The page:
The International Institute for Sustainable Development Experimental Lakes Area (IISD-ELA) sits in a remote wilderness area of northwestern Ontario, Canada. Of the thousands of glacial-scoured water bodies that dot this region, its 58 lakes are part of a unique living laboratory where the hydrology, chemistry, and limnology—the biological study of lakes—have been studied since 1968.
Over the 52 years of data collection at IISD-ELA, there have been numerous bumps along the road. Funding crunches and shifting government priorities have more than once threatened the station’s existence. In 1973, a windstorm tore up trees like toothpicks. A 1980 forest fire nearly consumed the field station’s buildings. After enduring these onslaughts, as well as severe snowstorms and floods, the field station now faces a new challenge: the coronavirus disease of 2019, or COVID-19.
First opened as a temporary location for research on nutrient pollution, the internationally renowned site has become famous for its scientific impact on international policies around air pollution and phosphates, as well as decades of data sets on hydrology, water chemistry, biology, and climate.
At IISD-ELA, whole lakes are manipulated like giant, ecologically functioning test tubes, with untouched lakes acting as experimental controls. Whole-lake experimental manipulations have involved additions of acid, nutrients, mercury, radioactivity, iron, and synthetic estrogens, allowing researchers to see the environmental impacts of these stressors on freshwater systems. Another unplanned long-term experiment—climate change—has provided an additional limnological learning opportunity.
Defining a New Normal
In a normal year, summer is the research station’s busiest season. As the icy winter thaws, more than 50 researchers and staff typically converge to live and work in this land of lakes and curious minds. Field research usually involves close collaboration, shared eating spaces, and centralized sleeping quarters in dormitories. But group living presents a formidable challenge amid the novel coronavirus pandemic. To balance safety with continuity of the site’s 52-year unbroken data sets, IISD-ELA has adapted to a new normal—at least for the time being.
IISD-ELA staff biologist Lee Hrenchuk was already at IISD-ELA doing regularly scheduled winter sampling as the new reality began to dawn. As part of the station’s fish crew, she regularly catches sentinel species like lake trout in experimental and control lakes to study their growth rates, condition, and survival.
Hrenchuk and her colleagues quickly assessed how normal protocols might be adapted.
“We sat down one evening and spent 3 or 4 hours hashing out what we thought would be a doable sampling protocol,” said Hrenchuk, explaining that it needed to be one requiring a minimum of people and time.
Even before COVID-19, staff at IISD-ELA knew that because of the communal nature of life at a remote field camp, infections can spread easily. “Once a cold or a flu gets into camp, everybody gets it,” said the site’s head research scientist Vince Palace.
At the site, summer fieldwork has already begun, and instead of 50 or more residents in camp—a number that sometimes rises to 100 visitors including daytime tours—the small crew will include, at most, eight scientists, two facilities maintenance staff, and one cook.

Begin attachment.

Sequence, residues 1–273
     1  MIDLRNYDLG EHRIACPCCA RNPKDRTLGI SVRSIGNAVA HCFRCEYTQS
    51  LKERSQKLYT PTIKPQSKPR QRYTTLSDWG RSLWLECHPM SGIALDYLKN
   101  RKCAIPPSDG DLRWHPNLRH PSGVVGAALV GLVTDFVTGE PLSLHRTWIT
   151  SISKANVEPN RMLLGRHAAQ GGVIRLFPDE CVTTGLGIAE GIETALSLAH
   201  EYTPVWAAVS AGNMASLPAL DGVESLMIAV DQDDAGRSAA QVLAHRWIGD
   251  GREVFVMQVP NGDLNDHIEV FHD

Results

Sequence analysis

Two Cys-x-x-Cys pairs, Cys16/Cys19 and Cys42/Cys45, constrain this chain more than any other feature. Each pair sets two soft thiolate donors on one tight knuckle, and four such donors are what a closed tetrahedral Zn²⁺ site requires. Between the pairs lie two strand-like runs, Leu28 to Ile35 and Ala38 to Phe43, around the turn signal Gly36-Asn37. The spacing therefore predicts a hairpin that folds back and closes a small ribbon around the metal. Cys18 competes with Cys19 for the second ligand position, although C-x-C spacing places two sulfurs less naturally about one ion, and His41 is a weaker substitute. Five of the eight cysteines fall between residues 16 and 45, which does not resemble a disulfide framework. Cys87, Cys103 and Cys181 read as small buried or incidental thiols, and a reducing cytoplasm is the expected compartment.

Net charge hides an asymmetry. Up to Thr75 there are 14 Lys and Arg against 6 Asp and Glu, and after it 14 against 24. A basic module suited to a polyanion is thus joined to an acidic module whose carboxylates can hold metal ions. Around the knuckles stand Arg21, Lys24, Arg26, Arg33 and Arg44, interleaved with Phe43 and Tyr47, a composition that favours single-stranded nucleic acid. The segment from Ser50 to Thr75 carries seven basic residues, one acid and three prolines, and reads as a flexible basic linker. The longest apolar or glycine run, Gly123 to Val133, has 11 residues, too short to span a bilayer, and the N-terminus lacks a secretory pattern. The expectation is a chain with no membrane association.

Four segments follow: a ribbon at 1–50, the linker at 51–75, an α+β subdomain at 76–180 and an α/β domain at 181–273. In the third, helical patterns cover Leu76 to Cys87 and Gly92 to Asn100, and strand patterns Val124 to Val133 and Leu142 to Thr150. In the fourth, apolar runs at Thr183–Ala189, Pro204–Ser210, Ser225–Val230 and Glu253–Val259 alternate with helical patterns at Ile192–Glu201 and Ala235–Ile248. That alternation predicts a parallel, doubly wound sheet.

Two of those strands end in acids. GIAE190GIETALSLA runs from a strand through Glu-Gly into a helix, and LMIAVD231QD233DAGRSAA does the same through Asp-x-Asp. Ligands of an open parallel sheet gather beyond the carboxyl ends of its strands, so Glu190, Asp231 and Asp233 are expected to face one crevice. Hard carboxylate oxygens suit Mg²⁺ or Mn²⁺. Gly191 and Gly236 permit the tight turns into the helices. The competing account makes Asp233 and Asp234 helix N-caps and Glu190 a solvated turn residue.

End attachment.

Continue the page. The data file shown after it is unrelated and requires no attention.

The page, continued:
Prior to heading to the site, every researcher will self-isolate at home for 14 days. Additionally, staff alternates will also self-isolate so they are available for work in case someone at camp gets sick.
Once individuals arrive at camp, there will be a vehicle cleaning protocol and another before they leave. Whereas accommodations are usually shared dormitories, this summer each researcher will have a separate sleeping cabin. Gloves have always been worn when handling fish, explained Hrenchuk, but other protocols like physical distancing will be carefully observed when getting in and out of boats, using walking trails, going into buildings and vehicles, and collecting data from flowmeters and meteorological stations. Any shared equipment will be frequently sanitized, and chemical analyses of water samples will be done by the chemistry staff in a laboratory building on site.
In Hungry Hall, where field crew eat, dining tables are now spread far apart. “Shouting across the dining room to have a conversation—stuff like that is different,” said Hrenchuk, emphasizing that new procedures are all about physical separation. As a reminder, IISD-ELA even created some infographics explaining social distancing in site-specific terms.
One of the unfortunate repercussions of COVID-19 will be pressing pause on new research. Continuity for the long-term data collection is now the priority, so most other research, like investigating the impacts of oil spills, microplastics, and cannabis and other drugs on freshwater ecosystems, has been delayed.
Hrenchuk acknowledged that it will be a very different summer at IISD-ELA. Nevertheless, despite the long days and hard work that field research will entail with just a few crew members doing the job of many, when it comes to getting out to the lakes this summer after sheltering in place in the city, she said, “we are all excited to leave our house.”
—Lesley Evans Ogden (@ljevanso), Science Writer